handsWarning: this post contains disturbing content, especially for parents. If you’re not up for it, be good to yourself and skip it. And just to be clear, Aviva and Pearl are snug in bed. But for a frightening ten minutes today, maybe it was even less, we lost Pearl.

We had gone to a brunch nearby with several other families who are interested in what we’re calling “Homeshuling” our kids: creating meaningful alternatives to traditional Hebrew school, exploring ways of learning with our kids and integrating the experience into our actual lives rather than dropping them off somewhere once a week, which is exactly what we do Monday through Friday by sending our children to public school.

While all the kids, at least a dozen, played in the backyard with a sitter, the adults sat in a circle, each introducing ourselves and sharing a little about our backgrounds and visions for the future. I could write a whole book on this subject – wait – I may in fact be writing a book on this subject (I am deep in the very messy, creative, confusing, compelling process of trying to figure that out). But for the moment, suffice it to say that it feels like we’re in the middle of the middle of a gradual transformation of the Burlington Jewish community, at least a slice of it, the one with young children and parents who are seeking meaningful, rich, relevant, engaging ways of being Jewish and, in the words of the Hillel movement, “doing Jewish with other Jews.”

So we had this great couple of hours, followed by kids playing more inside while the parents schmoozed a little and noshed and drank more coffee. And at some point, Greg and I caught each other’s eye and did that little raised eyebrow, slight nod thing that implies, “Ready?”

Aviva was teaching one of the other girls to play “Mary Had a Little Lamb” on the piano when I gave her a head’s up. Then I looked around for Pearl. I didn’t see her in the living room, so I went into the other room where some of the three-year olds were playing on the floor together. No Pearl there either. I instantly felt a shift in my entire being; suddenly I was looking for Pearl. I went into the bathroom and looked behind the shower curtain, only to find clothes drying on a rack. I went upstairs, where I had never been, and poked my head into each of the bedrooms and closets, even knowing that it wouldn’t be like Pearl to hide that way.

At this point, I was panicked. Moving more quickly, adrenaline coursing through me, telling every adult I moved past, “I can’t find Pearl.” One by one, the other moms and dads stopped chatting with each other. Everyone’s attention turned to finding Pearl, which of course made the whole fact of not knowing where she was even scarier. Suddenly, it felt real. She was missing. Greg went out in the deep backyard, covered in leaves. He heard the tenor in my voice and I knew I should try to stay calm. I looked blankly at the shed, then out to the street, unable to fathom where she could be. I imagined her hurt or stuck somewhere, somehow. My mind didn’t so much go to the Worst Case Scenarios as it just kept confronting this awful, terrifying absence of her. It didn’t make any sense. My whole body was seized up, not knowing where she was.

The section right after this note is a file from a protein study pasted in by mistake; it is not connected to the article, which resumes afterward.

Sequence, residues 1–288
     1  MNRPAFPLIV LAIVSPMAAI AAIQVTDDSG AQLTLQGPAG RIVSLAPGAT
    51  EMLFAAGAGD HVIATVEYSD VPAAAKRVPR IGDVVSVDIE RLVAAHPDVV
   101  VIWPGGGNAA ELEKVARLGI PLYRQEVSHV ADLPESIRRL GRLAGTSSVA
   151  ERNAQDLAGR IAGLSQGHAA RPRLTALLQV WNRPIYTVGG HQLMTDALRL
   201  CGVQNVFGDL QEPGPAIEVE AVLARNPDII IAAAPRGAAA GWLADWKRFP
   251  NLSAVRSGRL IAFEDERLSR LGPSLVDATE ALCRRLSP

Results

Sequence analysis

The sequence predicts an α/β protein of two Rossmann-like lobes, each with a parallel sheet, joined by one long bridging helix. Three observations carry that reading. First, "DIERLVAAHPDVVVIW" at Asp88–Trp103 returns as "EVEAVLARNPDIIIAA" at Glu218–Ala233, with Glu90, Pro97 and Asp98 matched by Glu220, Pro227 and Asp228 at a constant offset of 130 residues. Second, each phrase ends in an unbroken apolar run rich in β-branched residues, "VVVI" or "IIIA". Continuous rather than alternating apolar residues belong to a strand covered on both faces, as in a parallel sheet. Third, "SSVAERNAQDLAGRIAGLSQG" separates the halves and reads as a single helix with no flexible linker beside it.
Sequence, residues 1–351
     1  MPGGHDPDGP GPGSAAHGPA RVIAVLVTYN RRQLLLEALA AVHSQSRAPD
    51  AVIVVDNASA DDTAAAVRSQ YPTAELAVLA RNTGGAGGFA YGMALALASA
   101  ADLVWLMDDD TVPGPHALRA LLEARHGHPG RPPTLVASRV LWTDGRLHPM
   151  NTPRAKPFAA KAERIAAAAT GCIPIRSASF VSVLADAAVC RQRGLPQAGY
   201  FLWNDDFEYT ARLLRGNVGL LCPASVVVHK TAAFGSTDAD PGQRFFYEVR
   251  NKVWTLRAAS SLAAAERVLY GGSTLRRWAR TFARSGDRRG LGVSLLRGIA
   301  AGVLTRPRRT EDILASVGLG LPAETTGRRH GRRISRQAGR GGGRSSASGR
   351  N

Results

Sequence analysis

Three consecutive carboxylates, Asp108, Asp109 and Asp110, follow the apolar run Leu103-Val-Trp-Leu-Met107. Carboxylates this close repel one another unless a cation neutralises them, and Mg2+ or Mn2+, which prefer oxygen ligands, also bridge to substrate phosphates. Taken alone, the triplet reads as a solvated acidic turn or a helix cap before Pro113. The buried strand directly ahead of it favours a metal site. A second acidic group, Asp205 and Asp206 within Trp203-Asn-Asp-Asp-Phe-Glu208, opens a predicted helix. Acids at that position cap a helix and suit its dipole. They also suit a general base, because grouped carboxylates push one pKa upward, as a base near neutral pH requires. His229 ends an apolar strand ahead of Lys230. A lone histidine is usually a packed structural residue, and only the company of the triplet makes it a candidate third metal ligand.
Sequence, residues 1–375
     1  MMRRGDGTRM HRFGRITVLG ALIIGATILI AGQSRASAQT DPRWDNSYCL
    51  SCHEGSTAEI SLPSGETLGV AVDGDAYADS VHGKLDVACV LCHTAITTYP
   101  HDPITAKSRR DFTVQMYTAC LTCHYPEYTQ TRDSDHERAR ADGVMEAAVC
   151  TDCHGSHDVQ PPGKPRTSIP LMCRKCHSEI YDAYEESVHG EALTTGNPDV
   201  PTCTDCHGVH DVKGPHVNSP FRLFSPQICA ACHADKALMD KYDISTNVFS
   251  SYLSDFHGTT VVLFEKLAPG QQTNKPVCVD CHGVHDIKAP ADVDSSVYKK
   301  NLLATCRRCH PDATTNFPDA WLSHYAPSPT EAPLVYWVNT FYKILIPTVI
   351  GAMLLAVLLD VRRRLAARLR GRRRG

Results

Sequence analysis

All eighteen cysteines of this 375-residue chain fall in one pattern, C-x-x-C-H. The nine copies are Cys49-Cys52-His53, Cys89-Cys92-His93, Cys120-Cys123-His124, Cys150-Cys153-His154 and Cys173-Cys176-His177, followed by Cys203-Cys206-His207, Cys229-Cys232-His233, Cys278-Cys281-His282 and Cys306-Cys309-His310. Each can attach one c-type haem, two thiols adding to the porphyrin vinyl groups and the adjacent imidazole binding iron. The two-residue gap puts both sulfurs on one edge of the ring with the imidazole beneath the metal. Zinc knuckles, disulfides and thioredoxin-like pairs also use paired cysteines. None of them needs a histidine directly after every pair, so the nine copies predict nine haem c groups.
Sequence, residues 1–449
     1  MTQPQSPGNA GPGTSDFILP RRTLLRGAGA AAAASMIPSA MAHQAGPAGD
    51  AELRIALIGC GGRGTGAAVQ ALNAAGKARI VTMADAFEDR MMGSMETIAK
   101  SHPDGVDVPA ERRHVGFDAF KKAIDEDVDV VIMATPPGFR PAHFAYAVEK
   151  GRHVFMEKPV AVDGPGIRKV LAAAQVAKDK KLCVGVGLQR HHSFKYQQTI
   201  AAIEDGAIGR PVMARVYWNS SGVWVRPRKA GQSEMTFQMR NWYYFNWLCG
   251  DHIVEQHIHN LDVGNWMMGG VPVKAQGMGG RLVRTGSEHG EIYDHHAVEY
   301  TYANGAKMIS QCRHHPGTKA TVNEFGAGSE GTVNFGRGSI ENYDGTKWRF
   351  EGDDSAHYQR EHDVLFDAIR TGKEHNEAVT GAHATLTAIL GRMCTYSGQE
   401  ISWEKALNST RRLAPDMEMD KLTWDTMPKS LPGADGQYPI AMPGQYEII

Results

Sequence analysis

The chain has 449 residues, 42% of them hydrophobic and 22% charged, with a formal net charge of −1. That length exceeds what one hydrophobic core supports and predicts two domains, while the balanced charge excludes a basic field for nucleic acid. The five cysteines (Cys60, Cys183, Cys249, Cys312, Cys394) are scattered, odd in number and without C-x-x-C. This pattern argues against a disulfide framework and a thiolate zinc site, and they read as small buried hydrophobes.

And then – I don’t even remember quite how it came up or who remembered – somebody remembered that one of our friends, a friend who is like a sister to me, had taken Pearl to pick up her son, who was at the actual Hebrew School at the synagogue just a few blocks away.

Not only that, but apparently, she had asked me if Pearl could go with her and, apparently, I had said yes. Weirdly, I had no recollection of this conversation. I called her cell phone and asked breathlessly, heart still pounding, “Do you have Pearl?” She immediately answered that yes, she did. We talked for a few minutes until they pulled up in front of the house. There was Pearlie, in her green coat – I had just minutes before been recalling what she was wearing, a red elephant t-shirt, which pants?? – in a booster seat next to the window, happy to be along for the ride.

Afterward, our friends were all understanding, kind, and empathetic. I remembered the time Aviva fell down the basement stairs when she was a toddler, just starting to walk. The door had been open. I thought Greg was watching her and he thought I was watching her, and neither of us was watching. He was looking for ice skates and I was taking the trash out. She was unhurt. God knows – we knew – it could have been otherwise. She nursed and nursed and nursed, and I was so shaken and ashamed it took me three days to tell anyone. When I finally did, I told everybody, and then the stories just poured out. Everybody had a story. This is the stuff of shared experience, not shame.

This morning, once we knew Pearl’s whereabouts, I also felt very aware of how I had been approaching hysterical, much as I hate that word and the way it is hurled at women. But any woman who cannot find her child is warranted such a claim, and I didn’t feel the need to apologize so much as I felt like I’d been through something I could now know I had been through, if that makes any sense.

It took a couple of hours for the fear, the shakiness to wear off. The drop-off of adrenaline left me feeling a bit tired, stunned. I still couldn’t remember that part of the exchange with my friend. There is no question in my mind that she asked me and heard me say it was fine. Why I don’t remember, I’m not sure. Maybe I heard her say only the second part, that she was going to get her son, and I acknowledged her announcement with a nod. Or in the midst of so many people and voices, maybe I simply had not been all there. It doesn’t really matter now.